Cup is filled to brim with possibilities WORLD CUP 1994

June 17, 1994|By Mike Preston | Mike Preston,Sun Staff Writer

CHICAGO -- The world's most popular sporting event takes center stage today, complete with its passion, pageantry, sellout crowds and increased security.

World Cup '94 begins with Germany playing Bolivia at Soldier Field in what many believe is the beginning of a second straight march to the championship for the Germans.

But can Germany's fine technique and grinding, never-say-die offense outlast the flashy ball-handling and soft touch passing of Brazil? Can any team run with Nigeria? Does Argentina have enough left for one more World Cup title? Will Italy's offense click in time?

In the first round, each team plays the others in its group, %J earning three points for a victory and one for a tie. The top two teams in each group, based on point standings (with goal differential as the first tiebreaker), and the four third-place teams with the best records advance to the second round.

From then on, the tournament becomes single-elimination.

"I think it's wide-open," said Bora Milutinovic, the U.S. coach. "All the Latin teams are strong, and there is always Germany and Italy. Maybe we sneak in there somewhere, huh?"

There is little chance of the United States, with its questionable defense, becoming a force in this tournament, but a victory and xTC a tie should be good enough to get the Americans out of the first round. The shift to the defensive style of play in the 1990 World Cup also could provide for more Cinderella teams like Romania, Belgium and Colombia.

The games of the 1990 World Cup produced an all-time-low average of 2.21 goals. Fifteen of 52 games at Italia '90 ended in 1-0 scores. Five more games produced 0-0 scores, though some were decided on penalty kicks and were officially recorded as 1-0 scores.

The world is looking for another Pele or Maradona, someone who can do magical things with the ball. There's a short list, like Italy's Roberto Baggio, the Netherlands' Dennis Bergkamp, Brazil's Romario and Bebeto and Argentina's Claudio Caniggia.

But because of the new defensive strategy, the winner most likely will have to be disciplined and very organized.

"If there's anything that separates Germany from the front-runners it's that they're so methodical," said U.S. goalie Tony Meola. "They seldom are they caught out of position. They're always in great shape and they are relentless."

Said Paul Kennedy, an editor for Soccer America: "No team prepared better for the World Cup than the Germans did. The defending champs have the talent and the depth to go all the way."

Germany, which will compete in Group C, returns nine of 11 starters from its last World Cup team, including sweeper Lothar Matthaeus and strikers Rudi Voeller and Juergen Klinsmann.

"In long matches, the winner is often the one with the most endurance at the end," said Andreas Baingo, business office director for the Berlin Union football club. "Germans are famous for this. Second lungs."

Brazil, which along with Italy and Germany has won three World Cup titles, has its own heritage and style. A lot of the Brazilian players use one name.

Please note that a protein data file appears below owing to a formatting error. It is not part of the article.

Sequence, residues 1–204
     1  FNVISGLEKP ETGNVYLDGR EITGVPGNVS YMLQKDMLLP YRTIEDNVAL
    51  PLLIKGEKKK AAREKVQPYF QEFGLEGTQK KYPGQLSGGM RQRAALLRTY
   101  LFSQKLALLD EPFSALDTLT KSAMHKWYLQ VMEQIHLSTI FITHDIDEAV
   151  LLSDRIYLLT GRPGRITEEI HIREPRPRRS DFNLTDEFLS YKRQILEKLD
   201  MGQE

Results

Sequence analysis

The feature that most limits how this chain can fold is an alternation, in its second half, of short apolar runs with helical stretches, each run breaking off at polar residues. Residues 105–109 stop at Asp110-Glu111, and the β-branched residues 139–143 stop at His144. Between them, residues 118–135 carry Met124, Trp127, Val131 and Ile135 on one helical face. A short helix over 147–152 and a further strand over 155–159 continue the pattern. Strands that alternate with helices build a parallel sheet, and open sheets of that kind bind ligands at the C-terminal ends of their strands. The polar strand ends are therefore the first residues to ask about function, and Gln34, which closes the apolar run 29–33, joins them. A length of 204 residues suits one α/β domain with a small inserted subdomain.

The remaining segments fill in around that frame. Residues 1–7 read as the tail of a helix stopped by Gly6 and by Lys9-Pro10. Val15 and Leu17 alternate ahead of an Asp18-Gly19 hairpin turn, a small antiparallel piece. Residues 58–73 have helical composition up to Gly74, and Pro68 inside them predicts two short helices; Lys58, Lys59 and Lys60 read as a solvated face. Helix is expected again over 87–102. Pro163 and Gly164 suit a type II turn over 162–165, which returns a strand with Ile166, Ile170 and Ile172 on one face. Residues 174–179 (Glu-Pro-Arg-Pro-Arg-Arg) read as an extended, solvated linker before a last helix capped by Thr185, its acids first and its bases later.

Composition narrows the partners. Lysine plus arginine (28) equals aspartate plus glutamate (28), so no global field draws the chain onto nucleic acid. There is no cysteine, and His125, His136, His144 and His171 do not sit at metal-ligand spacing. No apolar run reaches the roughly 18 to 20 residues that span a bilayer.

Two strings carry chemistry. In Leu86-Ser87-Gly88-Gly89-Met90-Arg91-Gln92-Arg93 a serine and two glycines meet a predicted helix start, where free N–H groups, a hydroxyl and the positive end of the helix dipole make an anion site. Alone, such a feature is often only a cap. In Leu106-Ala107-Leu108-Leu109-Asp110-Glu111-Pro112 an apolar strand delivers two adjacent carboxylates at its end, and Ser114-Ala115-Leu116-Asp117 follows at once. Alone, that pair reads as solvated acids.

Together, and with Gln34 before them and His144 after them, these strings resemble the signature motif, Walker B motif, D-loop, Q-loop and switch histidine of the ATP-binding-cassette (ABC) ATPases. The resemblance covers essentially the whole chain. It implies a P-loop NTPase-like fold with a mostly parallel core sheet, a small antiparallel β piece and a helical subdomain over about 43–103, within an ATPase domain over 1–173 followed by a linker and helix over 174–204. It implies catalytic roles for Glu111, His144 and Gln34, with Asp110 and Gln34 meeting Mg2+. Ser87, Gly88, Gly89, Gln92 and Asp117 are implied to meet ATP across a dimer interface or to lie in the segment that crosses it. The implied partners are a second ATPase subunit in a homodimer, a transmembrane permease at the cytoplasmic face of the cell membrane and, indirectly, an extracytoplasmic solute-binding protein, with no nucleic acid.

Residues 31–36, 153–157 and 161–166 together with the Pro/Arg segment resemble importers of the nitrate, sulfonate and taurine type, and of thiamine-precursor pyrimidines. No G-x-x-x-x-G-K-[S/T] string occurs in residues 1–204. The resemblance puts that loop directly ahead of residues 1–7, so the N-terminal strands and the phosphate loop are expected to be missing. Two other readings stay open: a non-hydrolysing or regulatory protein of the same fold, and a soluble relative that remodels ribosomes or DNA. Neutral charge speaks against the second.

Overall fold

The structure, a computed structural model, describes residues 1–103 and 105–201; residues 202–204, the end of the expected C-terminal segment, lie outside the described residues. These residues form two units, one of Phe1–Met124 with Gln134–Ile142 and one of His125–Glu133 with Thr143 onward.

Their country is the only one to have qualified for every World Cup. And the Brazilians remember with great fondness their Pele-led World Cup team of 1970, considered by some to be one of the greatest teams ever assembled.

The Brazilians are famous for their improvisation, too. They do neat little twists and turns with the ball and take shots with all kinds of bends on them.

"Talent- and skill-wise, there is no team that can compare with Brazil," said Soccer America columnist Paul Gardner. "Everyone likes watching them play, and if they're on, they could run away with this."

Former U.S. defender Desmond Armstrong says the Brazilians also have extra motivation. Brazil, which will compete in Group B, had a 3-0 lead over Germany last summer, but allowed the Germans to come back and manage a 3-3 tie.

Argentina will challenge Nigeria in Group D. Argentina has a rich history, but this could be a final run at greatness for the team that was runner-up in 1990 and champion in 1978 and 1986.

Maradona is 33, and his skills are no longer a level above the other players. Caniggia is a star, but returning from a year-long drug suspension. Defender Oscar Ruggieri is past his prime and goalkeeper Sergio Goycochea has been inconsistent.

If Argentina is to make a move, Maradona has to regain some of the old form, Caniggia must dominate quickly and help Gabriel Batistuta carry the scoring load.

Nigeria won the African Nations Cup this spring, and is led by striker Rashidi Yekini, who scored five goals in the event, and Emmanuel Amunike, who scored both goals in the final, a 2-0 win over Zambia.

Italy, the front-runner in Group E, has great potential, but coach Arrigo Sacchi has been criticized for not settling on a lineup, and especially for not sorting out the midfielders and forwards. He has sometimes used the brilliant Baggio as a striker and sometimes as an attacking midfielder, the role Baggio prefers.

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